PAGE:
Breeze–I definitely hear you on it being too draining to respond to this kind of thing EVERY time! But I still find myself feeling guilty sometimes if I don’t respond, like I’m letting the side down. Sigh. I know that self-care is a really important thing for activists to do, & sometimes that means just picking your battles. I just need to drill that into my head more so I actually DO that!
Hi! I’ve been reading over your blog and I am so happy to find other vegans of color. As a Latina with 7+ years of being vegan under my belt, withstanding the misconceptions of both non-vegan POC and the mostly white vegans I have met has been interesting and isolating. I look forward to reading more!
I’m so glad that you’re enjoying the blog! I’m always looking for new vegans of color to blog here — so please let me know if you’d be interested. 🙂
I am JUST learning to pick my battles. It’s tough, but I’m now focusing on my emotional and physical health. This means I can’t be a martyr because it doesn’t do anything good for my health. Have you read pattrice jones’ book, “Aftershock”? She talks about how imbalanced it is to be “the martyr” within social justice activism. It’s a great read because she is a anti-racist, vegan, animal rights activist, and just “gets it”.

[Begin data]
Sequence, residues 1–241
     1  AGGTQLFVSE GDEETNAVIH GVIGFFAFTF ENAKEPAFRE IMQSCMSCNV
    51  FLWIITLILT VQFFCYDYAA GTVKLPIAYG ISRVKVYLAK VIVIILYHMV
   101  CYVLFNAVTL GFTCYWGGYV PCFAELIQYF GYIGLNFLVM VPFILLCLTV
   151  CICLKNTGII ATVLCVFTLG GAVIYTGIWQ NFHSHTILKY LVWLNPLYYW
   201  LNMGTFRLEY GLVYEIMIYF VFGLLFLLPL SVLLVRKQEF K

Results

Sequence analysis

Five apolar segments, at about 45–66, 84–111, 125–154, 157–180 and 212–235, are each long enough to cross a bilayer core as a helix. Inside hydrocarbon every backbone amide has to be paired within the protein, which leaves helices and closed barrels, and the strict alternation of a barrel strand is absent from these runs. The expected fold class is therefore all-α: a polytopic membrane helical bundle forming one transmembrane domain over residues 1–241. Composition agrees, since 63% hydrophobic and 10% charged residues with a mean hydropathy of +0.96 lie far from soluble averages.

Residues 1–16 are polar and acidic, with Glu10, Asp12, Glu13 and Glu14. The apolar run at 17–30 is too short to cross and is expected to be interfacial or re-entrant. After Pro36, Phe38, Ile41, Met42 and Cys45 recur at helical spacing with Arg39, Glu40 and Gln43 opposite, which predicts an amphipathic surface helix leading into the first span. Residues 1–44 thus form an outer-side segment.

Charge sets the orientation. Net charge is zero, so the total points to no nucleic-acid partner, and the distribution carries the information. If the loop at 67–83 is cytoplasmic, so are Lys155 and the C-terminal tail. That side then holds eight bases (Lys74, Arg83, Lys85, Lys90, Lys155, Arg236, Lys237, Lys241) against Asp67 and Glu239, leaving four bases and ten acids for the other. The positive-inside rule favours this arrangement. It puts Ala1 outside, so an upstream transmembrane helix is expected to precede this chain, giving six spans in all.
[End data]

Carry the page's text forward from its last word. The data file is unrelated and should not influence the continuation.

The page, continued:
I haven’t read “Aftershock” yet but I really want to! This past summer I burned out rather spectacularly on nonprofit work (of the 501(c)3 kind — right now I am reading the book that INCITE! edited, “The Revolution Will Not Be Funded” & feeling really justified in my burn-out), so it’ll be interesting to see if there’s anything in the book that reflects that,in addition to the grassroots-type stuff. Not that I want to go back to 501(c)3-type stuff, errgh.
I just finished “The Revolution will not be funded.” It’s a fantastic read. Everything I had always thought about, in term of US based NGOs, but had to be “silent” about. I think it’s a good read for the many folk involved in Animal Rights Activism THROUGH NGOs, as well. I wonder what it means if certain Animal Rights organizations’ board members and funders are largely white class privileged USA nationals. This is a serious question that I want to consider, sometime in the next few years.
pattrice jones wrote the afterword to my upcoming anthology, “Sistah Vegan.” I think she’s very amazing on how she makes the the connections to interlocking connections in a way that is easily accessible to people who are literate in English.
When is the anthology coming out? I can’t wait to read it! Also, that is awesome that Pattrice wrote the afterword.
Winter 2008, hopefully 🙂